A History of Words for Children explores the uniquely human ability to share thoughts using words. Written in a lively narrative style, this book presents a history of the world through language, introducing young readers to the civilizations, inventions, and writers who have shaped the way we communicate.
Divided into themed chapters to help young minds grasp difficult concepts, the book explores what words are and how humans communicate; the development of writing implements; the history of printed books; the process of learning another language; dialects and accents and the way language can reflect our identity; the power of words to calm, inspire, and rally crowds; graffiti’s role in spreading messages; codes and invented languages; the patterns of poetry; the future of words; and languages facing extinction.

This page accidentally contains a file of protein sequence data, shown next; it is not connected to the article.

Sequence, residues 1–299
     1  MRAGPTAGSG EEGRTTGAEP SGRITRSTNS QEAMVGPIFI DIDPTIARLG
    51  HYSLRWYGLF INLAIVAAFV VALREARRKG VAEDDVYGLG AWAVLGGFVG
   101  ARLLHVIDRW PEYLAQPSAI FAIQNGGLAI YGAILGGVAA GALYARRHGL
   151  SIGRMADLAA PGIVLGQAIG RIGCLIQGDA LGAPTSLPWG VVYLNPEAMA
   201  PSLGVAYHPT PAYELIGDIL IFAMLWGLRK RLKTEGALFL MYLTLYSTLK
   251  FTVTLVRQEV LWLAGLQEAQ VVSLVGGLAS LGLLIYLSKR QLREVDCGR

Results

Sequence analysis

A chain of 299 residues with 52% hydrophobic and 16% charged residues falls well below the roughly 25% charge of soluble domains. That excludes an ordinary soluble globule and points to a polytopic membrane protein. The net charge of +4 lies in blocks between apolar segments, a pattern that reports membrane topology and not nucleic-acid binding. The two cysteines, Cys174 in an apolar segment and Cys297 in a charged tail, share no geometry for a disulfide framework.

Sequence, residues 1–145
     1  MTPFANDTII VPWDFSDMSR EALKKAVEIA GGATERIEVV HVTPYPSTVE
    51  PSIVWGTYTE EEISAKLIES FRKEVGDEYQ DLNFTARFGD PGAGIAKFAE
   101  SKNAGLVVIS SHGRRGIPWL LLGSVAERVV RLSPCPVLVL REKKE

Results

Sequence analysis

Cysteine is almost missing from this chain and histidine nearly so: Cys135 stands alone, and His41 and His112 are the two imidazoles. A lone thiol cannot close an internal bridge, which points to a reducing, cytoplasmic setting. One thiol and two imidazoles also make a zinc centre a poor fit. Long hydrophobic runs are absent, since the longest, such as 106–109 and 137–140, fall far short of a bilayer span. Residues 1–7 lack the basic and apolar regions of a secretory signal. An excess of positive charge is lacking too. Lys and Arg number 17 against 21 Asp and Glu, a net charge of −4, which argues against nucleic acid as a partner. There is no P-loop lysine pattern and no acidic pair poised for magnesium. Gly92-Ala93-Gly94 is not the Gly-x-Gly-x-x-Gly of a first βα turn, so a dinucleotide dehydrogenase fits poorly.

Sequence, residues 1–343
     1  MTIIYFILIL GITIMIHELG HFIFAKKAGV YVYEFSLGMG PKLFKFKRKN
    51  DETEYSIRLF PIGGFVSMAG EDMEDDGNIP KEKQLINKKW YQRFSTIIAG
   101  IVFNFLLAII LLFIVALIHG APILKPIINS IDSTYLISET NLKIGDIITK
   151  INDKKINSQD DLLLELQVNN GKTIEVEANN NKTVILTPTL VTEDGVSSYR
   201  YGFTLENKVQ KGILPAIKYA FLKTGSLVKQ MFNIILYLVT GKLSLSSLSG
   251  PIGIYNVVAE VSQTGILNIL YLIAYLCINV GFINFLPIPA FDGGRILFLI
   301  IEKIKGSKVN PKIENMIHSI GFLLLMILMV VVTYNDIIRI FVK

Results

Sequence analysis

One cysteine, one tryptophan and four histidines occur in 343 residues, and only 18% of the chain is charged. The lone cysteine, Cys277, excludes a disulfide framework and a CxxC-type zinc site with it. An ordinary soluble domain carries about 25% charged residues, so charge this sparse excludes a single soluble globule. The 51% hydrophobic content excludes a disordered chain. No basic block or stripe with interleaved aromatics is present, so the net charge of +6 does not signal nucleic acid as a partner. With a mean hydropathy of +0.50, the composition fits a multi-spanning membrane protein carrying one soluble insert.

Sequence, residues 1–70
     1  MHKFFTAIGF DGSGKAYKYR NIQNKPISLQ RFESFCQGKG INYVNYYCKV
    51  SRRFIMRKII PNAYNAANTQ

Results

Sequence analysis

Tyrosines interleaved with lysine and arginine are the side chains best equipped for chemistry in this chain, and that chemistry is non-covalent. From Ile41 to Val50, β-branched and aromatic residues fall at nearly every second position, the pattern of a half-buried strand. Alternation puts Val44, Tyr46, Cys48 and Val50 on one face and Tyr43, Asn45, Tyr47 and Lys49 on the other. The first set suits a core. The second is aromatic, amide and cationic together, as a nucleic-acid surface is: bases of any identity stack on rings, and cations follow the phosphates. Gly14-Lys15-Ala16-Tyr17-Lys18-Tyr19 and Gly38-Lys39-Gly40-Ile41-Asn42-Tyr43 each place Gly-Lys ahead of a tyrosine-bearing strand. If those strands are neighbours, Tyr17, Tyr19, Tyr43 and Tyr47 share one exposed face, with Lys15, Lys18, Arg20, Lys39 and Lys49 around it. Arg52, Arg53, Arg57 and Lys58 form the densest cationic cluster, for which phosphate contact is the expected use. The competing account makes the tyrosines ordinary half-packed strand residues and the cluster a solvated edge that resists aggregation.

Featuring examples like the Grimm Brothers, Emily Dickinson, and King Ashurbanipal’s library, the book also includes illustrations by Rose Blake that add a cast of humorous and helpful characters to explain the wide variety of ideas. A History of Words for Children inspires creative minds and helps them understand how we communicate.
Mary Richards is an award-winning art publisher, writer, and illustrator. She adapted and edited David Hockney's best-selling A History of Pictures for Children and is the author of A History of Music for Children and A History of Words for Children.
Rose Blake is an award-winning artist and illustrator who has illustrated numerous books for children, including A History of Pictures for Children.